Sidney’s First Congregational to Celebrate 210 Years Sept. 9


SIDNEY – The members of the First Congregational United Church of Christ will celebrate the church’s 210th anniversary with a reception in Church Hall from 2 to 4 p.m. on Sunday, Sept. 9.

Longtime member David Plummer wrote:

As we commemorate this special event at the church, located on the corner of Main and Bridge streets, we reflect on the interesting history of this building and its congregations. Gleaning from the historical writings in 1978 of the late John A. MacLachlan, former publisher of the ‘Sidney Record – Enterprise’ and ‘Church Historian,’ we find some interesting historical anecdotes.

In 1806, when Sidney was a small hamlet isolated from the commercial mainstream between Bainbridge and Unadilla by being on the wrong side of the river with no bridge, a tavern keeper named William Dovener donated a piece of land east of the pioneer burying ground for a church in Sidney, then called a ‘meeting house.’

Dovener had donated the cemetery ground years earlier for burial of members of the pioneer Johnston family. Dovener lost two daughters, Polly and Clara, to illness in 1803; they are interred under a rough, gothic-shaped stone, still found in that cemetery.

In 1806 Dovener lost a son, William Jr., to an accident; he was also buried there after the land grant to the church. Sadly, Dovener himself was later swept away by swift water as he was trying to cross the river. His body was never found.

In 1856, a lot that later became the northwest corner of Grand and River streets was donated by Charles Rogers for use as a parsonage. The parsonage remained through the 1960s and was more recently owned by Robert Youngs.

The church building, started in 1806, was considered usable in 1807 but completed in 1814. However, the First Church of Christ was established on Jan. 13 1808, hence the upcoming 210th anniversary celebration.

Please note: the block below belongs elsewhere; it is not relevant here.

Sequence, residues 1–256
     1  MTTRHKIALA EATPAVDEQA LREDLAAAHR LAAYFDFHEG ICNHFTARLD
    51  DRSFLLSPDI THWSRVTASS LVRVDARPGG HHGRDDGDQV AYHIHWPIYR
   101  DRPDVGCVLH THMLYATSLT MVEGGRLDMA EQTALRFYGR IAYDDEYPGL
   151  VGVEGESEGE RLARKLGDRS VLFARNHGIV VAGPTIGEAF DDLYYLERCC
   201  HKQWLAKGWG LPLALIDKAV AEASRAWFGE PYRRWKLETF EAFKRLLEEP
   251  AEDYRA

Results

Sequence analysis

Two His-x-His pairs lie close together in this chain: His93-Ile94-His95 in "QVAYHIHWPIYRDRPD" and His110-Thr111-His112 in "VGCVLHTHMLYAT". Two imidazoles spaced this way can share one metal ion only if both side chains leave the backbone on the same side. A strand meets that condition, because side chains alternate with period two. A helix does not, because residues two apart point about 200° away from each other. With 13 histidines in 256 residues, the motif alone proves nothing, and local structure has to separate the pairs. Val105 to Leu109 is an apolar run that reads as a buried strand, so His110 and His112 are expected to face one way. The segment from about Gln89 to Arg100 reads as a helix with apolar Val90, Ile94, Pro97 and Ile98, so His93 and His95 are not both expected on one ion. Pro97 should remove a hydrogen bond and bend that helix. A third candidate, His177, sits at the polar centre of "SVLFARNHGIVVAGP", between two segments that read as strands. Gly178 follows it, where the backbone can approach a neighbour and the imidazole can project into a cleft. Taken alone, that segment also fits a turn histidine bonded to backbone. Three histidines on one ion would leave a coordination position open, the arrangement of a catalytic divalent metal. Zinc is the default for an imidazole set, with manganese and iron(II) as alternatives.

According to MacLachlan, the church’s fourth pastor, the Reverend Isaac Garvin, who served from 1813 to1817, was spotted by a hired girl kissing his wife in public one Sunday morning as she straightened his tie. (Oh my!) A principle of old New England Puritanism blue laws, which persisted in the minds of many at the time, forbade kissing in public on the Sabbath. The minister was forced to resign and leave Sidney. He returned a few years later as an Episcopalian.

Renovation of the church came in 1839, including the construction of a center steeple and door. At that time, the building was rotated 90 degrees to face “the highway,” now Bridge Street. Main Street was not extended through to the river bridge until 1935, which required a number of graves in the cemetery to be moved and reinterred there.

In 1839, the L-shaped portion on the east side of the church was added for schoolrooms. A church bell, the first ever in Sidney, was ordered from Troy and delivered to Oxford via the Chenango Canal. It was then drawn by wagon from Oxford.

The story goes that, as the team approached Sidney, the driver clanged its coming. The sound was heard throughout Sidney and great excitement followed. The whole village turned out to meet the proud teamster and his precious burden.

For the first year, the bell rang for many occasions, including certain hours of the day, to toll the years of age for deceased church members and village dignitaries.

In 1871 and 1894, the church building façade again underwent major renovations, including its two towers, doors and stained-glass windows. The bell sits today in the east tower.

The 1894 reconstruction also included a new pipe organ. The organ, which is still in use, has been claimed by some experts to be the finest instrument of its kind between Binghamton and Albany.


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